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Re: Instructions for installing NetBSD onto the NSLU2

Thanks to Havard Eidness for pointint out a typo (/ instead of a \) in the edit to .../instkernel/Makefile. I'll repeat the entire section to minimize the confusion.

Next, add NSLU2_INSTALL to the compile targets:

$ cd ~/net/src/distrib/evbarm/instkernel/instkernel
$ cp Makefile Makefile.orig
$ nano Makefile

Change the line

Donald T Hayford wrote:
Everything I've learned thus far about building/running NetBSD on the NSLU2.

Though there doesn't seem to be a huge demand for this, I thought I'd put the steps into one location to make it easier for someone else to follow. The instructions below are for a Debian Linux (i386) OS build system, but should be pretty adaptable to most other *nix systems. The original source for this material is the documentation that comes with NetBSD as well as advice given by several of the kind people at the NetBSD/arm mailing list ( http://www.netbsd.org/mailinglists/#port-arm ). Incidentally, my hat's off to the people who brought us build.sh. That is one slick script.

You will need a serial port connection to your NSLU2; see
for more details. You'll also need to setup a tftp server to load the NSLU2 kernel from. You'll end up with a USB drive that contains the NetBSD operating system, though you will continue to need tftp to boot the kernel. Finally, I used an NFS server so that the install kernel could find the binary files that make up the base system. Conceivably, you can put these on the same USB drive that you'll use later to install NetBSD on, but I've had problems with that. The binary system files that are on the NetBSD ftp site are built for little-endian processors and won't work for the NSLU2.

Get the source code (current):

$ mkdir ~/net
$ export CVS_RSH=ssh
$ export CVSROOT=:ext:anoncvs%anoncvs.NetBSD.org@localhost:/cvsroot
$ cd ~/net
$ cvs checkout -A -P src

This will create a directory ~/net/src with the source tree in it. Build the tools before you do anything else, since building the tools will overwrite some of the files you need to modify later.

$ cd ~/net/src
$ ./build.sh -m evbarm -a armeb tools

You need to get the Intel proprietary firmware for the NSLU2 ethernet controller. Follow the instructions at this location:
After building the firmware as described in the readme file, copy the file “IxNPEMicrocode.dat” to the directory ~/net/src/sys/arch/arm/xscale (the same directory as the README).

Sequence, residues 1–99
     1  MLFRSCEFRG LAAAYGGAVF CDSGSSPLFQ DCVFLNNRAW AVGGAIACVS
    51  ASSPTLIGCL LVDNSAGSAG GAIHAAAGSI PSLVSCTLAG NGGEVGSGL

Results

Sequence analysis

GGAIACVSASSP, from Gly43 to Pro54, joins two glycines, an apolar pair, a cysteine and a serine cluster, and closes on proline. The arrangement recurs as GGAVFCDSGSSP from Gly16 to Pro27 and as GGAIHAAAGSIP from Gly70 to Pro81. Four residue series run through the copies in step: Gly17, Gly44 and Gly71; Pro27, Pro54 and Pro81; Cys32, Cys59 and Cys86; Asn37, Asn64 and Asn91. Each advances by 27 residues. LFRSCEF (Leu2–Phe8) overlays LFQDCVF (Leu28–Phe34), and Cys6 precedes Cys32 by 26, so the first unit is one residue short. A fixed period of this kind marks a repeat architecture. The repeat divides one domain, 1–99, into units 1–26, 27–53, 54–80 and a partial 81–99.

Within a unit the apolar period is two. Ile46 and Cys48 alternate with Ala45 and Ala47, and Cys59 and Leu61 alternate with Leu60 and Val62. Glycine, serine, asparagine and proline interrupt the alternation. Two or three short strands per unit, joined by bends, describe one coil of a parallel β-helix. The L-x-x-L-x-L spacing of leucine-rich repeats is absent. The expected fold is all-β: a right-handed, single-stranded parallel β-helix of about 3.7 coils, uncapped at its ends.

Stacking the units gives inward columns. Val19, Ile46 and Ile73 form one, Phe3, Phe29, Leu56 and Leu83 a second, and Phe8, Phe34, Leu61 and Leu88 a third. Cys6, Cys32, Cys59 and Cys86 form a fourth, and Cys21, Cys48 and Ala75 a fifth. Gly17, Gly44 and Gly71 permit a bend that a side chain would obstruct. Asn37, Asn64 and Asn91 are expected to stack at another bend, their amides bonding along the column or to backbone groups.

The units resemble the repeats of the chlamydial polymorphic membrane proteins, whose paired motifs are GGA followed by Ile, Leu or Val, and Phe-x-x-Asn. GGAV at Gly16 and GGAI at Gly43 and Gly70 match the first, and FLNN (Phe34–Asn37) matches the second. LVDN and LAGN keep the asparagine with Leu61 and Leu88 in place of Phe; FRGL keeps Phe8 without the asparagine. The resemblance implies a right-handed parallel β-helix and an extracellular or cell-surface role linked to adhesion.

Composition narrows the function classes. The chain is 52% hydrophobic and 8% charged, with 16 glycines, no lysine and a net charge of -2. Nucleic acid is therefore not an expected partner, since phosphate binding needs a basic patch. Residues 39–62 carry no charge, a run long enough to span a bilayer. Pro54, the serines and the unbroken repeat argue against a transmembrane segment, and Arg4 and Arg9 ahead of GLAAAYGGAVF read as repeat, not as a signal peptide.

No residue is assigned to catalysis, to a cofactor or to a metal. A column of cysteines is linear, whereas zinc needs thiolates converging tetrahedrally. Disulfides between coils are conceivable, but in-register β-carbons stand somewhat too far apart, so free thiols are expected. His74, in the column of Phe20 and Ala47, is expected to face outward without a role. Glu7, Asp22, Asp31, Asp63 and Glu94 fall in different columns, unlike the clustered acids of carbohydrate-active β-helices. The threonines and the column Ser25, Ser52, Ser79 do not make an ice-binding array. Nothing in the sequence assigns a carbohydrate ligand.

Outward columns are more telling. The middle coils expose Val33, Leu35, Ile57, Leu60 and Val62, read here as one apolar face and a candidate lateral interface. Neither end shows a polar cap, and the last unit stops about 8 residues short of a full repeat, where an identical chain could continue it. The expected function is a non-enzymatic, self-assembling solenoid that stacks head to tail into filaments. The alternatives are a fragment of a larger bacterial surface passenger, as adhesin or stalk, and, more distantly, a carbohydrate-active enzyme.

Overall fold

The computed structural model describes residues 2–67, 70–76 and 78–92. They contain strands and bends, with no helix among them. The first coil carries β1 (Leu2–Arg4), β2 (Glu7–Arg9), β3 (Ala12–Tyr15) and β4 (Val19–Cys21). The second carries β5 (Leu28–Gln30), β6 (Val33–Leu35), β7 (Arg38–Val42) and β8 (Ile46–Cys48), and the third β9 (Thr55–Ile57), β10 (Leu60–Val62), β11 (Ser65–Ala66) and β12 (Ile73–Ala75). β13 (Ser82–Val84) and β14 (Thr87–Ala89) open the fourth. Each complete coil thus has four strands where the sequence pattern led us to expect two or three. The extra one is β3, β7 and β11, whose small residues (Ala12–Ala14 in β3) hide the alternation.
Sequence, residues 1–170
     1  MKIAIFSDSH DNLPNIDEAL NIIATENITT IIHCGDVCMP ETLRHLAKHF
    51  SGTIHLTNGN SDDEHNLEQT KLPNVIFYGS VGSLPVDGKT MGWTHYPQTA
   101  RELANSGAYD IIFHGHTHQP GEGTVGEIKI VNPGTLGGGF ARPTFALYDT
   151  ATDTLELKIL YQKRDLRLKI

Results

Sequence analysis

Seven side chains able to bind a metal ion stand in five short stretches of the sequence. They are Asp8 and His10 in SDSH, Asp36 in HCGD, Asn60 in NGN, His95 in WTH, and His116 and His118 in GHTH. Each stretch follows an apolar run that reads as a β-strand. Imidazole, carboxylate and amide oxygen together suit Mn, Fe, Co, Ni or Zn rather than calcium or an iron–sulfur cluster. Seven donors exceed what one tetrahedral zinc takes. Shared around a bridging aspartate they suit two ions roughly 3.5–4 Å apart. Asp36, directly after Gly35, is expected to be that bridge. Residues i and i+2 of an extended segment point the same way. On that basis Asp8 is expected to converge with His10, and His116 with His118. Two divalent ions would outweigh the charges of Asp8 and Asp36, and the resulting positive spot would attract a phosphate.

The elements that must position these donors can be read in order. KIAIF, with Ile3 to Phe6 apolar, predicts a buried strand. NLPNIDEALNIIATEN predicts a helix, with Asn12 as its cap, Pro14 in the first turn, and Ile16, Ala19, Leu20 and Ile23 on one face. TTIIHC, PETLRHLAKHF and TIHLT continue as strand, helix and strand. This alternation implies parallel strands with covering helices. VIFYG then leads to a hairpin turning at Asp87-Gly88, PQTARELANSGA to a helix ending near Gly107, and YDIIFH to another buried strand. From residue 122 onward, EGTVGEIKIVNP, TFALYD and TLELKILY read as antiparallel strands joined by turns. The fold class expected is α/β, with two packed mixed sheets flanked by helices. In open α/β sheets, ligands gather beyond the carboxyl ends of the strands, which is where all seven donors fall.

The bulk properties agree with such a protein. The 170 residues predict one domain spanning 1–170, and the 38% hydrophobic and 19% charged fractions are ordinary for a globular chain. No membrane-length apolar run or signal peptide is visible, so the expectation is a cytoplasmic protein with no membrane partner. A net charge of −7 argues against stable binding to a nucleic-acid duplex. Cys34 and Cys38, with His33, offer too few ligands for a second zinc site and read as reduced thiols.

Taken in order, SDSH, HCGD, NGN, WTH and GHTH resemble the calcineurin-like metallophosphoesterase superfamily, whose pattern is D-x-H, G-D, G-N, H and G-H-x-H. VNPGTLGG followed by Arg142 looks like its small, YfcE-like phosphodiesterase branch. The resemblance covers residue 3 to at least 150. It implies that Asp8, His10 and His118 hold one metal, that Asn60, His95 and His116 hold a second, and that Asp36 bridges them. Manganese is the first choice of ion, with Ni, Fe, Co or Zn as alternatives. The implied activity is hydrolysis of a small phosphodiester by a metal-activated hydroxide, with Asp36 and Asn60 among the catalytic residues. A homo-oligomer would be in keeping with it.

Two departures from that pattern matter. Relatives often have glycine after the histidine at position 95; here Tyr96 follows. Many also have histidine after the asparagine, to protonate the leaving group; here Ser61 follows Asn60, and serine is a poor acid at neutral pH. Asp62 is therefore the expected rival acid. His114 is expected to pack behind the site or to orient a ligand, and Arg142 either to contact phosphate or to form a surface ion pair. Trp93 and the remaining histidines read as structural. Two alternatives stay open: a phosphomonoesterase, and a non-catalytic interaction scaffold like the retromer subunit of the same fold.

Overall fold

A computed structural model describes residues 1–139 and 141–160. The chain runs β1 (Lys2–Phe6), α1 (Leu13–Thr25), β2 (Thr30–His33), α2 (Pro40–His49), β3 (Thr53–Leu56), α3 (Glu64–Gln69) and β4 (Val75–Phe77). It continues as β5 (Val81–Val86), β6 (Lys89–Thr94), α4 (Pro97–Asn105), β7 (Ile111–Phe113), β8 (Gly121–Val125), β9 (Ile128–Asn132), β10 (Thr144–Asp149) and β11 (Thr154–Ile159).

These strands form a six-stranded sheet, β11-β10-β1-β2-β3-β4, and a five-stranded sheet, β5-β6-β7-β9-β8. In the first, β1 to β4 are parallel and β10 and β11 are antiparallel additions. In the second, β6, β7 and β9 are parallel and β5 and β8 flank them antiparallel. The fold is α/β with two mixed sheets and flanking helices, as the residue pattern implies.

Next, you need to create/edit four files so you can build both the install version and normal version of the netbsd.bin file that gets loaded into the NSLU2 RAM by the Redboot program from your tftp server.

$ cd ~/net/src/sys/arch/evbarm/conf
$ nano NSLU2_INSTALL (use whatever editor you are most comfortable with)

Change the line that reads
include "arch/evbarm/conf/ADI_BRH"
include "arch/evbarm/conf/NSLU2".
Feel free to change the first and third lines to accurately reflect what the file does as well. Now, add an option to the NSLU2 configuration file.

$ cp NSLU2 NSLU2.orig
$ nano NSLU2
Change the line that reads
#options FFS_EI # FFS Endian Independant support
options FFS_EI # FFS Endian Independant support.

Next, add NSLU2_INSTALL to the compile targets:

$ cd ~/net/src/distrib/evbarm/instkernel/instkernel
$ cp Makefile Makefile.orig
$ nano Makefile

Change the line


$ cd ~/net/src/etc/etc.evbarm
$ cp Makefile.inc Makefile.inc.orig
$ nano Makefile.inc

Change the line

Now for the slow part, building NetBSD itself. This is covered in chapter 30 of the NetBSD guide,
http://www.netbsd.org/docs/guide/en/index.html .

$ cd ~/net/src
$ ./build.sh -u -m evbarm -a armeb kernel=NSLU2
$ ./build.sh -u -U -m evbarm -a armeb build
$ ./build.sh -u -U -m evbarm -a armeb release

When this is finished, you'll find a number of zipped files under ~/net/src/obj/releasedir/evbarm that you'll need. First, unzip the install binary and normal binaries and put them on the tftp server directory (I'll assume it is /tftpboot).

$ cd ~/net/src/obj/releasedir/evbarm/installation/instkernel
$ gunzip netbsd-NSLU2_INSTALL.bin.gz
$ cp netbsd-NSLU2_INSTALL.bin /tftpboot
$ cd ~/net/src/obj/releasedir/evbarm/binary/sets
$ tar -xvzpf kern-NSLU2.tgz
$ cp netbsd.bin /tftpboot

Also in this directory are eight zipped files that the installation kernel will need to install NetBSD to the USB drive. I put them on an NFS drive.

Now for the fun stuff. Turn on the NSLU2 and hit <control-C> when you see the following:

RedBoot(tm) bootstrap and debug environment [ROMRAM]
Red Hat certified release, version 1.92 - built 15:16:07, Feb 3 2004

Platform: IXDP425 Development Platform (XScale)
Copyright (C) 2000, 2001, 2002, Red Hat, Inc.

RAM: 0x00000000-0x02000000, 0x000723a0-0x01ff3000 available
FLASH: 0x50000000 - 0x50800000, 64 blocks of 0x00020000 bytes each.